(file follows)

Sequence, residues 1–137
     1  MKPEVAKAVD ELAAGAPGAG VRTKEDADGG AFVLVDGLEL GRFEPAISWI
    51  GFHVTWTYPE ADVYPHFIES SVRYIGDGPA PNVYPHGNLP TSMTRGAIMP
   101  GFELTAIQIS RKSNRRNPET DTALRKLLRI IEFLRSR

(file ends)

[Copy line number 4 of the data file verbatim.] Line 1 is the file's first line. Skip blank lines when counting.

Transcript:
   101  GFELTAIQIS RKSNRRNPET DTALRKLLRI IEFLRSR